>> To get away from the issues of us revoking in the handshake, but 
>> before deopt
>> the locks get re-biased before we hit deopt handler, we instead revoke 
>> in deopt
>> handler.
>> The deopt handler have a JRT_BLOCK/_END which can safepoint so we 
>> revoke after
>> that but before we start looking at the monitors, with a 
>> NoSafepointVerifier.
>> Here is the previous changeset on top of jdk/jdk tip but due to merge 
>> conflicts
>> some pieces did not apply:
>> http://cr.openjdk.java.net/~rehn/8226705/v1/8226705-8221734-baseline/webrev/ 
>> So this is what was reviewed.
>> The rebase (merge conflict resolutions) and 8224795 bug fix :
>> http://cr.openjdk.java.net/~rehn/8226705/v1/8226705-rebase/webrev/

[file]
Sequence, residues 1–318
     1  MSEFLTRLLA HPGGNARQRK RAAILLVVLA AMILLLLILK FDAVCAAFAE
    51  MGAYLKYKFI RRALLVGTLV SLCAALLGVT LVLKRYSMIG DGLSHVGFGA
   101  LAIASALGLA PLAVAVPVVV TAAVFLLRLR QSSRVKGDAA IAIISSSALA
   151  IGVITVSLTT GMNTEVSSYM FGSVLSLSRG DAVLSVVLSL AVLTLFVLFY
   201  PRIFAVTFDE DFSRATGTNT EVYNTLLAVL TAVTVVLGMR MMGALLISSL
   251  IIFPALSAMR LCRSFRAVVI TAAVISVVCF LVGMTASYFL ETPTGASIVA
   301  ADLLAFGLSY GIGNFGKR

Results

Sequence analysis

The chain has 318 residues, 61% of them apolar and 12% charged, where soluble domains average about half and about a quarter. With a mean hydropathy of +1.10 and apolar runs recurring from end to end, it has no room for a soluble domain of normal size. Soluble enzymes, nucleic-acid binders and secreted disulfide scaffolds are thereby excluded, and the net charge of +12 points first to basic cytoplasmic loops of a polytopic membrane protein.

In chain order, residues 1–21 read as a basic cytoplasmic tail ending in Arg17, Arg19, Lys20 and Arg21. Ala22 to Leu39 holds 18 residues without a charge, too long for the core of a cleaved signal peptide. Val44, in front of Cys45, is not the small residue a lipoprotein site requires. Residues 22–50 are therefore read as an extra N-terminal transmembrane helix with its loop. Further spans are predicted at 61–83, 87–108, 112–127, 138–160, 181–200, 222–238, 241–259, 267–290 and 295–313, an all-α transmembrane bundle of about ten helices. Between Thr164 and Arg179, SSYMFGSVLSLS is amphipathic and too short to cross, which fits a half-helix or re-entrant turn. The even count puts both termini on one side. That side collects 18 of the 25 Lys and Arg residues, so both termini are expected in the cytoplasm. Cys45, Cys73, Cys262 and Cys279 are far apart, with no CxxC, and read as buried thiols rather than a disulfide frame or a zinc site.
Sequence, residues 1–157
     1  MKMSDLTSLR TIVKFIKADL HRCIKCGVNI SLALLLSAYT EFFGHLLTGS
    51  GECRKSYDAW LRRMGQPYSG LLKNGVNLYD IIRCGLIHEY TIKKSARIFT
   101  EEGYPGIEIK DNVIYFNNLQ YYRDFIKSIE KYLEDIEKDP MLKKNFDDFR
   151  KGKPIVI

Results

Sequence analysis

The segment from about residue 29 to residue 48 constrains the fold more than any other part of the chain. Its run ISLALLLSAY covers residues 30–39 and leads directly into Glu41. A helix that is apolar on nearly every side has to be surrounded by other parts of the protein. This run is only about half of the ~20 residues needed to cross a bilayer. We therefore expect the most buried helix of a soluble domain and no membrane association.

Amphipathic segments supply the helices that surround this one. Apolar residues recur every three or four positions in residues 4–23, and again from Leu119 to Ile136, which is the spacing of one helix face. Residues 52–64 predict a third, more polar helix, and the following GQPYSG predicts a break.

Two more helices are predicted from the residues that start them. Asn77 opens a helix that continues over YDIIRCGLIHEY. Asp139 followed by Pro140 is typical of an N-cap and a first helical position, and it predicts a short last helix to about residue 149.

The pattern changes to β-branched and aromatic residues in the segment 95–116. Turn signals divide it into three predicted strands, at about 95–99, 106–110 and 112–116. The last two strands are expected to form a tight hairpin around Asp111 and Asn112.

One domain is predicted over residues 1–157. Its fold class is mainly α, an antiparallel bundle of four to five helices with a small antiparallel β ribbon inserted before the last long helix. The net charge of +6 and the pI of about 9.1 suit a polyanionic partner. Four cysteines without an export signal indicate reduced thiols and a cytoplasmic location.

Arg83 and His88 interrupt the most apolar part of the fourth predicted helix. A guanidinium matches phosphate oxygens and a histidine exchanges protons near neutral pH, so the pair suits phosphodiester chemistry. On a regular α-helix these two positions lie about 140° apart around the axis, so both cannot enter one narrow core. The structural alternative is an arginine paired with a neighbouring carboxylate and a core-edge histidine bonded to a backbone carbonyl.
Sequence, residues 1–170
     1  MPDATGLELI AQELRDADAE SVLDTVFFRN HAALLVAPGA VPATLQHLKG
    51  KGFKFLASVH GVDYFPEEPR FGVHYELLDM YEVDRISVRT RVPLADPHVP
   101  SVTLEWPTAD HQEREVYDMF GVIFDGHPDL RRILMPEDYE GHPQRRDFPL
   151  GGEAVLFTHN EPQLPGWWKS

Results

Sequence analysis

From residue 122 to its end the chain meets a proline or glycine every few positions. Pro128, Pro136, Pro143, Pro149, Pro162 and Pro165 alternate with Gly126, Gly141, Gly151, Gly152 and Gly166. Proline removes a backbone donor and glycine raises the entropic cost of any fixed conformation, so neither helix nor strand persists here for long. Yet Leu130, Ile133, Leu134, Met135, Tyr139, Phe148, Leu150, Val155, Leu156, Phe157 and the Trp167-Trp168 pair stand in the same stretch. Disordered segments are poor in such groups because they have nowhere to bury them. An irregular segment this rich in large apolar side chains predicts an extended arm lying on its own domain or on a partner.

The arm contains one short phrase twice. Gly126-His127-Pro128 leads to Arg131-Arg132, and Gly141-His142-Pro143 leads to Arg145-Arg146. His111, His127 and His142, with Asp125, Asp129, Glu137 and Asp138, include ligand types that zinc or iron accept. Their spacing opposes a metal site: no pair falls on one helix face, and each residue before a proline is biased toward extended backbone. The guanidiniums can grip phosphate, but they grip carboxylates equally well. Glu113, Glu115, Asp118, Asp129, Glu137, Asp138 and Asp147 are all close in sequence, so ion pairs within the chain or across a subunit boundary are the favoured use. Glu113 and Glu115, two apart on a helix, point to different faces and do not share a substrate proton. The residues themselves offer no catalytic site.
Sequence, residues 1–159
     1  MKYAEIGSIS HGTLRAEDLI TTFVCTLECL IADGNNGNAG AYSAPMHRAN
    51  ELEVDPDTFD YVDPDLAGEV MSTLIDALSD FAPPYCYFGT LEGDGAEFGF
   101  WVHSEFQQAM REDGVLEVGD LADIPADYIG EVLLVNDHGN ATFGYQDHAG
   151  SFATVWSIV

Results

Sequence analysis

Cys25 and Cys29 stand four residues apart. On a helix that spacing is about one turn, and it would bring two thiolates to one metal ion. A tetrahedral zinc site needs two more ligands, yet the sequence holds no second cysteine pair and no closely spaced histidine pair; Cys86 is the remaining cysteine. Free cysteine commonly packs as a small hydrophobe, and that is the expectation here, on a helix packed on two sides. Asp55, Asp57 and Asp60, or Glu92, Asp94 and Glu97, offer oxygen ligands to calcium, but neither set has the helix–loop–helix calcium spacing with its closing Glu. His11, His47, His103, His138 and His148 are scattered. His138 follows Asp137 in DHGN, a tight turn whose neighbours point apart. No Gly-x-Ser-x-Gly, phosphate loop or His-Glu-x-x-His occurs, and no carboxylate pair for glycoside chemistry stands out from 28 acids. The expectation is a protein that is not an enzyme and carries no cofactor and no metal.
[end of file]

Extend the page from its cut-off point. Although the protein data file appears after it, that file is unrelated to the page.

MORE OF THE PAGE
>> Bug 8224795 fix is here:
>> http://cr.openjdk.java.net/~rehn/8226705/v1/8226705-rebase/webrev/src/hotspot/share/code/nmethod.cpp.sdiff.html 
>> After this we have the same functionally as the reverted change-set.
>> Here is the changes for doing the revoke in deopt handler instead:
>> http://cr.openjdk.java.net/~rehn/8226705/v1/8226705-revoke-on-deopt/webrev/ 
>> This code was messy adding the deopt revocation in 3 places made it 
>> worse.
>> Here is a refactoring of that code. (also removed a dead method in 
>> biasedlocking):
>> http://cr.openjdk.java.net/~rehn/8226705/v1/8226705-refactor/webrev/
>> And here is full:
>> http://cr.openjdk.java.net/~rehn/8226705/v1/full/webrev/
>> Also a full squashed patch file:
>> http://cr.openjdk.java.net/~rehn/8226705/v1/full/full.patch
>> Latest test run I did t1-t6, Linux/Windows x64 have passed, MacOSX still
>> running.
>> Thanks, Robbin